• The Chalcolithic people subsisted on farming and hunting-fishing.  
  • They reared cattle, sheep, goat, buffalo and pig, which were also slaughtered for food. 
  • A variety of crops were grown.  
  • The principal cereal was barley though wheat was also cultivated.    
  • Rice is reported from Inamgaon.  
  • Other crops included Bajra, Jowar, Millets, Ragi, Green pea, lentil, green gram, black gram, etc.   
  • Absence of dishes in Jorwe ware indicates that the preparations were semi-liquid.  
  • Neither plough nor hoe has been attested to at Chalcolithic sites, but perforated stone discs, which were used  as weights for the digging sticks abound. 

            Fish and animal flesh formed an important part of the diet of the Chalcolithic people.  Fish  bones and fishhooks attest to active fishing.  Hunting also was an important occupation for bones of wild animals like wild pig, deer, stage, sambhar, cheetah, etc. were found in the excavations.  Cattle, buffalo, goat, sheep, pig and rarely horse were among the  domesticated animals.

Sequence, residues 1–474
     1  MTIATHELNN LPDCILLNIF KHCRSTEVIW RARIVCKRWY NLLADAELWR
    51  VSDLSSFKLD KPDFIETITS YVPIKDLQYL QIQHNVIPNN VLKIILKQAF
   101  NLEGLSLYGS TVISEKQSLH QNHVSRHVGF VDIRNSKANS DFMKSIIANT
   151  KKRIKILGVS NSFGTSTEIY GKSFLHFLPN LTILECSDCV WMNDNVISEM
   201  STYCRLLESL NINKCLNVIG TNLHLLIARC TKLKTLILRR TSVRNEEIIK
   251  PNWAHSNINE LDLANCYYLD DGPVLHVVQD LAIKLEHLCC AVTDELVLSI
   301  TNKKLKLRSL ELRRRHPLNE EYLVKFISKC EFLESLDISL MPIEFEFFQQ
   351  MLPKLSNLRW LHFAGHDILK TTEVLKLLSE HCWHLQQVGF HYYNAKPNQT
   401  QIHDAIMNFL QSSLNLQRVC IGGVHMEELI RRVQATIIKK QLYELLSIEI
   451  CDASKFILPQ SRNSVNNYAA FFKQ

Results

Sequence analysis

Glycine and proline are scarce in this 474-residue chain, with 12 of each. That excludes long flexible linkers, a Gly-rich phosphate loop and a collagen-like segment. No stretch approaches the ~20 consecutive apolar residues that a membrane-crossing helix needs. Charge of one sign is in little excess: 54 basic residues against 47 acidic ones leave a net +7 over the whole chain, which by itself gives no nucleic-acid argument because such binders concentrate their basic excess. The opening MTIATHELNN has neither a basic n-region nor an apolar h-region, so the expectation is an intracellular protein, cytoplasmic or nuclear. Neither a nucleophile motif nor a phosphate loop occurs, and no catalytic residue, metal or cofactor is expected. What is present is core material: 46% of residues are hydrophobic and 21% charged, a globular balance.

• Wheel made fine pottery is the speciality of the Chalcolithic culture, though hand made pottery is also present.  
  • Most of the pottery used to be given fine slip of red, orange or russet colour.  
  • Pottery used to be decorated with linear, curvilinear and intricate designs in black pigment.  
  • Floral, vegetal, anima, bird and fish motifs were also used in the decorations.    
  • Spouted vessels are another speciality of this period.  
  • The characteristic Black and Red ware made its first appearance in the Chalcolithic sites at many places.

  • Though copper  and bronze came to be used, its usage was limited due to the scarcity of  the material.  
  • They depended more on stone tool equipment.  
  • The Neolithic trend of using polished stone  tools continued in this period also.  
  • Microlithic tools on silicious material were very common.  
  • Copper and its alloys were used in making axes, chisels, knives, fishhooks, pins, rods, etc.